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Pleural effusion nursing diagnosis

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by atm24 atm24 (New) New

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Hi! I am working on a care plan and I am having a difficult time coming up with 2 nursing diagnosis. My pts main problems are pleural effusion and pancreatitis. The RR were within normal limits. O2 was 30. She is a smoker but was on nicotine patches while in the hospital. Wheezing on left lung base. A CT showed significant left sided effusion, small right sided effusion, mildly enlarged heart, abnormal liver and likely pancreatic pseudocysts. BUN was low, glucose was high, albumin was low, ALT was high. Any help would be appreciated! Thank you so much!

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Rose_Queen is a BSN, MSN, RN and specializes in OR, education.

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Nursing diagnoses rely on the nursing assessment. What did your assessment about the patient tell you? While some nursing diagnoses may be related to the medical diagnosis, you never make a care plan based directly on the medical diagnosis. Was the patient in pain? What about mobility? Mental/emotional status?

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Yes, the patient was in pain. She complained of pain of a 4 on a scale of 0-10 in her midback. She stated that she had been experiencing that pain for the past 2 months. She was able to move herself and do her ADLs without assistance. She was able to get out of bed and walk with no help. She was on meds for depression. Everything with the integumentary system was fine. For cardiovascular system the rhythm was sinus tachycardia with a rate of 109. Oxygen via NC of 2L/min. Non-productive cough. Wheezing at left lung base. Diarrhea twice two days before clinical. Hematuria which pt stated has been occurring since childhood but causes no problems and the doctors do not know why it occurs. PERRLA. Good reflexes. Score of 15 on glasgow coma scale. Muscle strength 5/5, bilaterally symmetric with full resistance to opposition.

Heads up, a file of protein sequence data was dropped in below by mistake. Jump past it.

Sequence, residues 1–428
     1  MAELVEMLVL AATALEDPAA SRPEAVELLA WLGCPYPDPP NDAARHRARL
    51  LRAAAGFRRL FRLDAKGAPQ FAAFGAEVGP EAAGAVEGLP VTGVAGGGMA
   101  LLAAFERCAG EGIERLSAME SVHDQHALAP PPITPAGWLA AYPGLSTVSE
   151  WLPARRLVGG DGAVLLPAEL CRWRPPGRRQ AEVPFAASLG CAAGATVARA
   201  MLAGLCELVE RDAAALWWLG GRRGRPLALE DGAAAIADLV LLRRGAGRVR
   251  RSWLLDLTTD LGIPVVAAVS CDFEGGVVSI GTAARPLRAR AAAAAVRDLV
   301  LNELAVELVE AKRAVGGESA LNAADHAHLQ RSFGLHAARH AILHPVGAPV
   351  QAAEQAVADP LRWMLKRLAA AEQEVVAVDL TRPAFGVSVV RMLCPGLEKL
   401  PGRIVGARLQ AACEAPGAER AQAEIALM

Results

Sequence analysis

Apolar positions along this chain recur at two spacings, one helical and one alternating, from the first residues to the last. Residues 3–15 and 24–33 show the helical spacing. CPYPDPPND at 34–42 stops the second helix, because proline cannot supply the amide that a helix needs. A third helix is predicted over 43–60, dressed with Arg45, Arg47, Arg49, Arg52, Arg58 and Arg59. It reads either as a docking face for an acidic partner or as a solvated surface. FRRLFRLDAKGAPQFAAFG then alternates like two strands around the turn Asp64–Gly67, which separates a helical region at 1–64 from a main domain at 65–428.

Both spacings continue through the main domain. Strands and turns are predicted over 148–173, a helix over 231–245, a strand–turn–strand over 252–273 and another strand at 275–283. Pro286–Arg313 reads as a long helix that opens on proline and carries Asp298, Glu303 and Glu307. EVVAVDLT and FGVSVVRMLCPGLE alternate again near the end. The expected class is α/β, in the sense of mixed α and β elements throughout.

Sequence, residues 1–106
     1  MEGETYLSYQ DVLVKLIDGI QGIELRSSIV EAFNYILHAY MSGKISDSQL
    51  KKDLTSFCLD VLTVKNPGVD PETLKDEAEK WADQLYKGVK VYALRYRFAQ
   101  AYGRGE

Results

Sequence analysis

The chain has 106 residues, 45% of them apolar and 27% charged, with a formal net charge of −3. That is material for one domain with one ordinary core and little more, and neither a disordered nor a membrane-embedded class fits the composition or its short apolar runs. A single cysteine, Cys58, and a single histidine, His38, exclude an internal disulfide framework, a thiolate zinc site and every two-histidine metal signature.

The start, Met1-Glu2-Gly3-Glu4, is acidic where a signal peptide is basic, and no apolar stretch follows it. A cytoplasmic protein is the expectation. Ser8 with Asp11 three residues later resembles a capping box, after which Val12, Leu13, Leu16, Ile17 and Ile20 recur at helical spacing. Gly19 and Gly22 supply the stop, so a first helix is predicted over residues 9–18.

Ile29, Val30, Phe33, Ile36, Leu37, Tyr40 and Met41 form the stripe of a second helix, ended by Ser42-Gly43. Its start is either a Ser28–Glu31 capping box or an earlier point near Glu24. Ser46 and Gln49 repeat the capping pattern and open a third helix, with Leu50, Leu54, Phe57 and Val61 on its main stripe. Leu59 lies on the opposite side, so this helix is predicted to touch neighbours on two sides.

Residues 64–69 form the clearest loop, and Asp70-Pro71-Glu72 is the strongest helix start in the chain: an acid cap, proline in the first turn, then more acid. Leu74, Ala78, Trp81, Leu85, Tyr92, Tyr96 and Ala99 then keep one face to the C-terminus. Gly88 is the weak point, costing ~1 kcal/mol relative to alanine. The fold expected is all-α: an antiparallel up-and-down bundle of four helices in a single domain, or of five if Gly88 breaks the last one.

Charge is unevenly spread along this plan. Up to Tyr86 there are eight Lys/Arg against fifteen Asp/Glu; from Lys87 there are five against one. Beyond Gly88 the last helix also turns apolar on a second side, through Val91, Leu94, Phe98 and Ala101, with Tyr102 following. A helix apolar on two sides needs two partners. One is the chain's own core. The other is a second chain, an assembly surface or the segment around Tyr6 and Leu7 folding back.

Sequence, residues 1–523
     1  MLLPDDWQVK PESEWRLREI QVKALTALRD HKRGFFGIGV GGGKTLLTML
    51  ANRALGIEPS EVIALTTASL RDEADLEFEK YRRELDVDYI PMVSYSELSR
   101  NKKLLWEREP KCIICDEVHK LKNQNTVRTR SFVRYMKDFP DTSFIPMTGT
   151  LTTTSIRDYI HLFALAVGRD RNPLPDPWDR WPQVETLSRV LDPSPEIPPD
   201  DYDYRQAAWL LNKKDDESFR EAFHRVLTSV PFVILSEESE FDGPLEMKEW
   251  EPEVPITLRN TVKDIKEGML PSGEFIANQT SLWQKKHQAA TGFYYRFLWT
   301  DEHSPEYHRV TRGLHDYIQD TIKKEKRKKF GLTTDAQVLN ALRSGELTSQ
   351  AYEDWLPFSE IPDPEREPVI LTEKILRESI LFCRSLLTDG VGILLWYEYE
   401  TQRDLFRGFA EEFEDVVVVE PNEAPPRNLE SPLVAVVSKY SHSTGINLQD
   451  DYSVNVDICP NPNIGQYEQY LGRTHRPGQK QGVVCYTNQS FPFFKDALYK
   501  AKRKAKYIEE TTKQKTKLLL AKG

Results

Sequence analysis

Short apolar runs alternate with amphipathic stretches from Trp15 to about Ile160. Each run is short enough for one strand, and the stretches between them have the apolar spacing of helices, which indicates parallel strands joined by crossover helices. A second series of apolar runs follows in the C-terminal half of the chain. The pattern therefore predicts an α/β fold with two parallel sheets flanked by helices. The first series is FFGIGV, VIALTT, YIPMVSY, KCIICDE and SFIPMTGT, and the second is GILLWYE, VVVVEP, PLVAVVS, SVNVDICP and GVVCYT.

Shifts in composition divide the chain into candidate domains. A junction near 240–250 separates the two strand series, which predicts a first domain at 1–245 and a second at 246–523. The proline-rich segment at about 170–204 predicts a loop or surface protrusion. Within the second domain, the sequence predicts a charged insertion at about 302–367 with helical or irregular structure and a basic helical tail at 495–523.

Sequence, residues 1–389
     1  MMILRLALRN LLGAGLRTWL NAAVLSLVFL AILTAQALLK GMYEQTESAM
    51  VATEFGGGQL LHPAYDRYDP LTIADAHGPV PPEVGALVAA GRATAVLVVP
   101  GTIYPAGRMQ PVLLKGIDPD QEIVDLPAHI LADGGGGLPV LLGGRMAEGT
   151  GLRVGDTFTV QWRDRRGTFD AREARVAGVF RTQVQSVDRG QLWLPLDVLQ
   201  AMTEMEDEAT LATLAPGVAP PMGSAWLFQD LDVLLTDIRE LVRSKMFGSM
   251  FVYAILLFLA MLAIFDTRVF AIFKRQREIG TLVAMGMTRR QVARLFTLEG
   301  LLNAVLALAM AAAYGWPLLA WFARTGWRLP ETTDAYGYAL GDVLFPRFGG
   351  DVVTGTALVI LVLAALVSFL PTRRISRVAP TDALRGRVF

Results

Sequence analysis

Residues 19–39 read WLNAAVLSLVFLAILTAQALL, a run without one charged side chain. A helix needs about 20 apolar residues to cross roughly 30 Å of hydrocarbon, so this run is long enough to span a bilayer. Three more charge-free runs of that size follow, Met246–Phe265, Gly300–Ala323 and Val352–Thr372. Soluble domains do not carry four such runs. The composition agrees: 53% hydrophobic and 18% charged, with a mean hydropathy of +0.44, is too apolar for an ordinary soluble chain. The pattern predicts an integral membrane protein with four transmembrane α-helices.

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Rose_Queen is a BSN, MSN, RN and specializes in OR, education.

4 Followers; 4 Articles; 8,911 Posts; 104,592 Profile Views

Okay, so from that information what do you think are the patient's priorities?

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I'm thinking something along the lines of ineffective airway clearance r/t decreased lung expansion secondary to pleural effusion aeb CO2 level of 30. I'm not sure if the CO2 level is correct evidence for that diagnosis, though. I'm also thinking about acute pain r/t obstruction of the pancreatic ducts secondary to pancreatitis aeb verbal report of pain of a 4 on a scale of 0-10.

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A PaCO2 of 30 is hypocapnia, not hypercapnia, so that's not it. She has to have another reason for hyperventilation, especially if she has decreased pulmonary volumes due to her effusion. According to the current NANDA (2015-2017), impaired gas exchange may include decreased CO2 level, but you also have to know that hypoventilation causes hypercapnia, not hypocapnia. So, is she hyperventilating because of pain? Is it because she is hypoxemic (a very bad late sign)? Does she have a metabolic acidosis and hyperventilating to blow off CO2 in an attempt to compensate for that?